Next the framework recommends education across the board: stakeholders, funders, and entrepreneurs. They believe these groups should be educated on the benefits of crowdfunding and the various types of crowdfunding that exist, namely donation, reward, lending, and equity. Crowdfunding in general requires a certain degree of intrinsic motivation on the part of the funder, but the four types inspire people to varying degrees beyond that emotional connection:
- Donation involves no additional tangible rewards
- Reward-based funding offers some kind of product in return for donations
- Lending offers to repay the donation with interest
- Equity allows funders to buy shares in the company
Each of these plays to different markets (e.g., donation to non-profits and NGOs, rewards-based to consumer product companies, equity to early-stage businesses). By educating the various factions involved in crowdfunding on these topics, the framework suggests that fundraisers will be able to run competent campaigns and funders will have a greater understanding of what to expect when they donate their money.
Finally the framework calls for research. They believe there should be a professional industry body and that within and beyond that, the industry should encourage academic and third-party research to increase transparency within the industry and drive competition and innovation.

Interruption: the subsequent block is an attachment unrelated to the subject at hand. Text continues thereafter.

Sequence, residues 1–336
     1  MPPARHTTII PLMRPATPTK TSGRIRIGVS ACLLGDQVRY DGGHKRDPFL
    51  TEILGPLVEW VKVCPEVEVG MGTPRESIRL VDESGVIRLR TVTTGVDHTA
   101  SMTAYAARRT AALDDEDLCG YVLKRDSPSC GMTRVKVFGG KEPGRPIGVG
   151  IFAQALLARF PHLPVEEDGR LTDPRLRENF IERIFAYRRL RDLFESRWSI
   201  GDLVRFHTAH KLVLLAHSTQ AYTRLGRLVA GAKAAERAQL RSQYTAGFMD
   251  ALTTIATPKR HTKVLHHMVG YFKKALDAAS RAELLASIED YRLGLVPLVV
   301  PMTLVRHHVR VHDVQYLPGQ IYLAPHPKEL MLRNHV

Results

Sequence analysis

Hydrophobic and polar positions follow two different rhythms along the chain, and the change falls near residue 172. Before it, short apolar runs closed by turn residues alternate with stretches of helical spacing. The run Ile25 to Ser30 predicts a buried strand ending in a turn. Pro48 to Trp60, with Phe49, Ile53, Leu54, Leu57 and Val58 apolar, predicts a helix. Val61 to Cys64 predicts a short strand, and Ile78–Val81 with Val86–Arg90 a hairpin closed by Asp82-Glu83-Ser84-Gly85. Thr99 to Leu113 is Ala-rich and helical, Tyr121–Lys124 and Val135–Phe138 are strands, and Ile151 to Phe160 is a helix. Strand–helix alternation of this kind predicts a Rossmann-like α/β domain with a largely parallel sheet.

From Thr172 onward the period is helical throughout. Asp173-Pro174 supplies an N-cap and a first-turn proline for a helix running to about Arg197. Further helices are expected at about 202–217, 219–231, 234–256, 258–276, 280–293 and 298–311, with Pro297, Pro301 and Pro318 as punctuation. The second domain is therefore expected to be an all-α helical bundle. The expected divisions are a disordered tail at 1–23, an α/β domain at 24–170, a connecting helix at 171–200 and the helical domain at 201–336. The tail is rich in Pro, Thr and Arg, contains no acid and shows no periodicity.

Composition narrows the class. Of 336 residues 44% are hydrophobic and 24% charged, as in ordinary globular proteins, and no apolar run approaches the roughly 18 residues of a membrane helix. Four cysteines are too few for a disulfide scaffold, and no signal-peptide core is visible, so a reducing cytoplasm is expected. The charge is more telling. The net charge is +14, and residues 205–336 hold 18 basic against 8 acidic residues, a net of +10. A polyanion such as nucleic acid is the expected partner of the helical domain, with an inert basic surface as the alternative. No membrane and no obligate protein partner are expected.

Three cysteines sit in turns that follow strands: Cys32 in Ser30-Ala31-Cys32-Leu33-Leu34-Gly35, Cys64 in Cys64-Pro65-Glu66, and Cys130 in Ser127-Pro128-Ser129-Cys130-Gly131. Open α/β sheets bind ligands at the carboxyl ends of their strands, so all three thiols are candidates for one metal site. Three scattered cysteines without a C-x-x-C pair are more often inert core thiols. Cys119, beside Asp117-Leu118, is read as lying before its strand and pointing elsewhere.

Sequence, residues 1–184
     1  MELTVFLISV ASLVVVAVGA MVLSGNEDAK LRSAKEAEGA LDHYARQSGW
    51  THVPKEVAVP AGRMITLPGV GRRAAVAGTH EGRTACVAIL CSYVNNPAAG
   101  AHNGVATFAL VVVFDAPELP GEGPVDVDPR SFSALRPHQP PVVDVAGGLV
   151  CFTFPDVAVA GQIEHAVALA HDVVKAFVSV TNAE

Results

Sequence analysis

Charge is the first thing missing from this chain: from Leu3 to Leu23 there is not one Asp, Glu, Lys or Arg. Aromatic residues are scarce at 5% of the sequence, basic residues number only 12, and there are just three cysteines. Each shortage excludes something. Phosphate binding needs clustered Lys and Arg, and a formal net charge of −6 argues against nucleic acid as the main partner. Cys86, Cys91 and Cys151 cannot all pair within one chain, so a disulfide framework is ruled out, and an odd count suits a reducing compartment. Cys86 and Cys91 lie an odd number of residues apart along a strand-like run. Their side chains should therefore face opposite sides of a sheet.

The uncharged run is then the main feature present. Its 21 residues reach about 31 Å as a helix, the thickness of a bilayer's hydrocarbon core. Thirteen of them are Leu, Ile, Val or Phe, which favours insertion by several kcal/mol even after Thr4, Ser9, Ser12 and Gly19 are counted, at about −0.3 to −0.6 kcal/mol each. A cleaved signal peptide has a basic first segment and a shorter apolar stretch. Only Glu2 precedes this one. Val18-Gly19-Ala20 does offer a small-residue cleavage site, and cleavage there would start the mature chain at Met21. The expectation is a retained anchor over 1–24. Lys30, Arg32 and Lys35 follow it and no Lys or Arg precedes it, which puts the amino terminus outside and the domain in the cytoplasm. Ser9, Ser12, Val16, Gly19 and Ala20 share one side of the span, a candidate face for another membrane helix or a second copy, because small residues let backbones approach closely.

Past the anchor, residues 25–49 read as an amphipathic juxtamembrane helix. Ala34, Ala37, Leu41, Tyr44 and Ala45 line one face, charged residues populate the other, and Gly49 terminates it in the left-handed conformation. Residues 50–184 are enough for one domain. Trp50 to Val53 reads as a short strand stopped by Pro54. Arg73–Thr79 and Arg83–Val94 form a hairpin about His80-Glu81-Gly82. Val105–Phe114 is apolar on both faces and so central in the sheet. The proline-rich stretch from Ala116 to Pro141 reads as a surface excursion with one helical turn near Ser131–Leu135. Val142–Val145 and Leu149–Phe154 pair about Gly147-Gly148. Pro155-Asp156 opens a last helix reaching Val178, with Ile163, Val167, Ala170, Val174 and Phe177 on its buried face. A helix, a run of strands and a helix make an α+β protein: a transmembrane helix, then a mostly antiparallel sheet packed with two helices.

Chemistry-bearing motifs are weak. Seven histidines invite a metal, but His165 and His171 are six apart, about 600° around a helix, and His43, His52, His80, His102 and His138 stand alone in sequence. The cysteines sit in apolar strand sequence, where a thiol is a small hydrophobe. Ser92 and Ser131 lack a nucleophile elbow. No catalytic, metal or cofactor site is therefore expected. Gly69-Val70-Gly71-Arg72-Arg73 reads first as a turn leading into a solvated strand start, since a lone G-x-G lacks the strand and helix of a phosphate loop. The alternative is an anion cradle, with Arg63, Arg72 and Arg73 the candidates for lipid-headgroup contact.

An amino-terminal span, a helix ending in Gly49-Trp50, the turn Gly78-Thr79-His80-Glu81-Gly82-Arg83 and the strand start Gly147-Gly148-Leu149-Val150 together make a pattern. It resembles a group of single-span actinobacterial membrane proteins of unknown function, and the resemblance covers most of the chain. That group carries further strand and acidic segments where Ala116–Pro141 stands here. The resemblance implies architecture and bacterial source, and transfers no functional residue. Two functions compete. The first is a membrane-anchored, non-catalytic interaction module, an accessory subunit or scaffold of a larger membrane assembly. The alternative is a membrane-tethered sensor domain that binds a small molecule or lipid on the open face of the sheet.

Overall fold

By doing all of these things, the framework hopes that crowdfunding can become a viable option for driving new business throughout Europe. They believe it is “one of the most promising tools to help enable economic growth, job creation, and innovation.” They say, “We believe crowdfunding is one of the most viable means of funding new ideas, small business and job creation across Europe. It is a highly democratic tool that is posed to have a disrupitve impact on community, start-up and consumer finance by allowing value creation on many levels, not just financial.” Furthermore, they believe that crowdfunding, because of its democratic and broad-ranging nature, can help combat future economic recessions. Because crowdfunding is controlled by the masses, and not by a few select banks, it combats the “too big to fail” financing model and spreads the wealth among many people so that even if some projects do fail, it does not cause a global economic disaster.
Crowdfunding, they say, is the future for the European small and medium business community. It will allow them to grow to their full potential if they can find a way to regulate it within reason. We here at Launcht see many parallels between the concepts put forward in the framework document and with the regulatory process we are working through with the SEC and FINRA. To get an idea of what these concepts look like when they are being translated into regulation please keep an eye on our Crowdfunding Equity blog and our work with The Crowdfund Intermediary Regulatory Advocates (CFIRA) We can only hope the same is true for the United States. To see our thoughts on the future of crowdfunding, click here.